Should the Secret Service Hand Over Its Cybersecurity Responsibilities?

A Secret Service Agent stands guard as Vice President Joe Biden, with President Barack Obama and his wife Jill Biden, speaks in the Rose Garden of the White House.

A Secret Service Agent stands guard as Vice President Joe Biden, with President Barack Obama and his wife Jill Biden, speaks in the Rose Garden of the White House. Jacquelyn Martin/AP

It might be time for the Secret Service to transition its focus away from cybercrime, according to a recent House Oversight and Government Reform report.

In recent years, the U.S. Secret Service’s responsibilities have increasingly bled into the cybersecurity arena. But according to a new bipartisan House Oversight and Government Reform report, the focus may be misplaced.

The agency is now responsible for maintaining the Electronic Crimes Task Forces, which hunts for international cyber criminals, and running the National Computer Forensics Institute, which provides cybercrime training for law enforcement professionals. 

In fact, the Secret Service is now one of the Department of Homeland Security’s components with the largest cyber workloads. In 2014, 10 percent of Secret Service employees’ hours were devoted to cybercrime investigations, according to the report. For comparison, about 32 percent of their time was spent on physical protection.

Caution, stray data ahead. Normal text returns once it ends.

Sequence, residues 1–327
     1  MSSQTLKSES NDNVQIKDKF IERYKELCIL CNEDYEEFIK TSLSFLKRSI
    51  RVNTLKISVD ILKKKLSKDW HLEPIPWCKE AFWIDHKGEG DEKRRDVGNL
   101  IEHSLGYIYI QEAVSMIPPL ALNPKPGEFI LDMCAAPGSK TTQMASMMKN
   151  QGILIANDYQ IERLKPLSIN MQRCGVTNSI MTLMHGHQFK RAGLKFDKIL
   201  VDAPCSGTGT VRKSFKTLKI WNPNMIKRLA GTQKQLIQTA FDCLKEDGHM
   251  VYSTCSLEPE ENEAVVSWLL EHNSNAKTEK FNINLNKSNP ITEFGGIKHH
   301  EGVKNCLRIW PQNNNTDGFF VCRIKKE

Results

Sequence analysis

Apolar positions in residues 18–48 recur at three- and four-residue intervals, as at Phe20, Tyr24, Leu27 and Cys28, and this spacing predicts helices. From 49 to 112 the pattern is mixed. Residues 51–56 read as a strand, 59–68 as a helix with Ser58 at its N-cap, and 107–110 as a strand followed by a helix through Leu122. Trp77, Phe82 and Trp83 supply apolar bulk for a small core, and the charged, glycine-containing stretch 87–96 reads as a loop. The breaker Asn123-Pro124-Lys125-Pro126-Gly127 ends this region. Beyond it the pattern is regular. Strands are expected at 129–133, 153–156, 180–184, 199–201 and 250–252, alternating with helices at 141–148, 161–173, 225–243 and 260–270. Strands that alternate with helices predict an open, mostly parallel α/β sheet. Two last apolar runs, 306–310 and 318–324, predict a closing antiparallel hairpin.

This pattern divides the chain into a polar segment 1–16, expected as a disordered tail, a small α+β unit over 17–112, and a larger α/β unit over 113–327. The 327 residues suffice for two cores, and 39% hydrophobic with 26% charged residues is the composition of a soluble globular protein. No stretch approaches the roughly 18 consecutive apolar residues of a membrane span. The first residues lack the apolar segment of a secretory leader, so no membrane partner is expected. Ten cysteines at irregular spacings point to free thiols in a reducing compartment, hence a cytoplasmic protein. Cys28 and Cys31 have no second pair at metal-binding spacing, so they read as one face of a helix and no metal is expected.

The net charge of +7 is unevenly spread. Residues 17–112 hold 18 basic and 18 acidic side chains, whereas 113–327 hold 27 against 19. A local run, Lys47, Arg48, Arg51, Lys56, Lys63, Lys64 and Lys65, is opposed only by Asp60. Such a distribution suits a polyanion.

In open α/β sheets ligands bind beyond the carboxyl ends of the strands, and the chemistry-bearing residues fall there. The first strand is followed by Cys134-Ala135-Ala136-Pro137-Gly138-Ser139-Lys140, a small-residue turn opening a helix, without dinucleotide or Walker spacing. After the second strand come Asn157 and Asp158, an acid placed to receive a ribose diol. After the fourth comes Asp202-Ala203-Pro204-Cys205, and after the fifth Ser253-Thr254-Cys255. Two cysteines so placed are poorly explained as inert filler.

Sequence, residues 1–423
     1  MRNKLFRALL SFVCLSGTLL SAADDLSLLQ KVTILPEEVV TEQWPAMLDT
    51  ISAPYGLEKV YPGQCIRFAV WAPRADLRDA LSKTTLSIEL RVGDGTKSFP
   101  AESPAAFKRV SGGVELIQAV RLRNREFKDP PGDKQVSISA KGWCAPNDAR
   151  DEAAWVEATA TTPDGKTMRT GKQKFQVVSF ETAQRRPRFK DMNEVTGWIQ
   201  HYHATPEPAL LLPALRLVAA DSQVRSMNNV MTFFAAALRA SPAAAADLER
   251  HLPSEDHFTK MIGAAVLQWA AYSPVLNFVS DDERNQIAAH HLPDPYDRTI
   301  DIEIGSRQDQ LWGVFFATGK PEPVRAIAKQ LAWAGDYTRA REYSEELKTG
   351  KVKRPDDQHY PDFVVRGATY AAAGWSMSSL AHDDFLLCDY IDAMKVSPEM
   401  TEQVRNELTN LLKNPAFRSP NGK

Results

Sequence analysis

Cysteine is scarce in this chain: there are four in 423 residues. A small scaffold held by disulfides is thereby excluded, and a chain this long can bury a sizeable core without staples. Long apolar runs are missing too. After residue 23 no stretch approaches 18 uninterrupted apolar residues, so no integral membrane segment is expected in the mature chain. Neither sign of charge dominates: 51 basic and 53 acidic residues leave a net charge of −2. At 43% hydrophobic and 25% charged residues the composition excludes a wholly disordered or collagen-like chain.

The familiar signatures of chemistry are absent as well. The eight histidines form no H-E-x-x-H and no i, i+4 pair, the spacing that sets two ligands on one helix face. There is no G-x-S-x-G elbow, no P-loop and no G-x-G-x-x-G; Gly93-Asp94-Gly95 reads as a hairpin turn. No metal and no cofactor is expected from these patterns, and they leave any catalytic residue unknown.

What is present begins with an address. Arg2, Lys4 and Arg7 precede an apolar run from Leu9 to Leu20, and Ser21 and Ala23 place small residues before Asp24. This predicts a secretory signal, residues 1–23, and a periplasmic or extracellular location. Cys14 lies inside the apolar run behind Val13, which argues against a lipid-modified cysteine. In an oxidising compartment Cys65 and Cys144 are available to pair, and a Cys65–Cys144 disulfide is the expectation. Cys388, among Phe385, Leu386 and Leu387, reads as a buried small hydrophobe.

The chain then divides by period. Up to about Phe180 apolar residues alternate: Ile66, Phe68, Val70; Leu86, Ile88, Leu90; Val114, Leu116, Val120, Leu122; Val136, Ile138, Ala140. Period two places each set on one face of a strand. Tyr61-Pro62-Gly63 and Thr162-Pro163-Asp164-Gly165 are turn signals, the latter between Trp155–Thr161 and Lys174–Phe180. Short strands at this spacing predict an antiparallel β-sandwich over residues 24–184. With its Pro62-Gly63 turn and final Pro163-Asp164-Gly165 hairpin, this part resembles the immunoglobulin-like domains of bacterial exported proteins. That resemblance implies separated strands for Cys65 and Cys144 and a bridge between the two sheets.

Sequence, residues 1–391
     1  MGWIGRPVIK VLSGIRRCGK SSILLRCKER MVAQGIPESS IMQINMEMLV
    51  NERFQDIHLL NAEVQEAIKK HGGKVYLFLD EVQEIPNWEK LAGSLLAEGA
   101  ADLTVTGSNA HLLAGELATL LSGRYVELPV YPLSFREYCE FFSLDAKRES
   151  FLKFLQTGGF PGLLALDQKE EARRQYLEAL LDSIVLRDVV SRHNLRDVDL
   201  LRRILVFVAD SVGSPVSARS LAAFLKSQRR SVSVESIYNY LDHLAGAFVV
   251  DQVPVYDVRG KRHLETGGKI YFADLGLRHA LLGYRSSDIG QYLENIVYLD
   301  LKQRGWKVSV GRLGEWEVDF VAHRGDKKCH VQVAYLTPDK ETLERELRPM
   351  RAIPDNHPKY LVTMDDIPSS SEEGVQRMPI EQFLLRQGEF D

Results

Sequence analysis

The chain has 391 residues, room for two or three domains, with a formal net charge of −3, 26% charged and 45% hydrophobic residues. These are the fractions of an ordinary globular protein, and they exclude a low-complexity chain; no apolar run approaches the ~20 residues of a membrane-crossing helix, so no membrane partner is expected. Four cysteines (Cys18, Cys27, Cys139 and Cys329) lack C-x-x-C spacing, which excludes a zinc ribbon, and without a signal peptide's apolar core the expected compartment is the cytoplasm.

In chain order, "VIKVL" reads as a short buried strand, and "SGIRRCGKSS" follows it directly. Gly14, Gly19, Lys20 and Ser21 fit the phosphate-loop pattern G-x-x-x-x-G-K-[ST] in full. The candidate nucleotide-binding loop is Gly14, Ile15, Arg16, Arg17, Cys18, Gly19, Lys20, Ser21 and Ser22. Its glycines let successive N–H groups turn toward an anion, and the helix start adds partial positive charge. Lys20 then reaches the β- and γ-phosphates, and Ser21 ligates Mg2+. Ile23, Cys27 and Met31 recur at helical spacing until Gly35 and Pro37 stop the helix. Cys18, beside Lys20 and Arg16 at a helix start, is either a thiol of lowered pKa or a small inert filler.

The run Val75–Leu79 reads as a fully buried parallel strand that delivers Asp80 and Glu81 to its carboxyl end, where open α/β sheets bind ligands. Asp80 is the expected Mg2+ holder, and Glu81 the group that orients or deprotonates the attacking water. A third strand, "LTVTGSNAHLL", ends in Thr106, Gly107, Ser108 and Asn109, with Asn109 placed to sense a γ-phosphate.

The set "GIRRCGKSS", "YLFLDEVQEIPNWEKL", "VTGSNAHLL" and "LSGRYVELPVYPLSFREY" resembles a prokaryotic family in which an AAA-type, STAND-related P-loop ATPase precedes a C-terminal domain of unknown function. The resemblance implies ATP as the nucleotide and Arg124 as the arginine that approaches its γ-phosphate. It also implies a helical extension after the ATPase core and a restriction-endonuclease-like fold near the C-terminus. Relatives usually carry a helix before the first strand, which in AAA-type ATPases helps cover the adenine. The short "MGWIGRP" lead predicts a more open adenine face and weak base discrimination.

But amid the recent series of physical White House security breaches, it might be time for the Secret Service to focus more on physical crime and hand off its cybercrime responsibilities to other federal agencies, lawmakers argue.

“Given that a significant portion of [the Secret Service's] mission is investigating cybercrime and the agency is suffering from severe staffing shortages, there is a perfect opportunity to more efficiently consolidate cyber responsibilities while simultaneously alleviating a major strain on resources" within the agency, the report stated.

A variety of other federal agencies already have cybersecurity responsibilities that overlap with the Secret Service. The report suggests reducing the duplication by transferring portions of the Secret Service’s cyber responsibilities to the FBI.

“I’d like us to combine our task force," said FBI Director James Comey, during an October House Judiciary hearing referenced in the report. "It doesn’t make any sense for them (Secret Service) to have electronic crimes task force, and [for] me to have a cyber task force; there ought to be one.”

According to the report, a chart on the Justice Department’s website explains where the public should go to report certain types of crimes. The cybercrime section not only has multiple, conflicting reporting options, but the Secret Service links take the user to a defunct website.

In addition, the Secret Service has not complied with a variety of “baseline” requirements pertaining to DHS information security programs or the Federal Information Security Act requirements, according to the report. 

There are also clear cyber training gaps with some Secret Service employees, especially those who are not specifically technical operators, the report stated.

The report authors recommend the Obama administration conduct an interagency review to determine the Secret Service’s nonessential missions, and submit those findings to Congress within a year.

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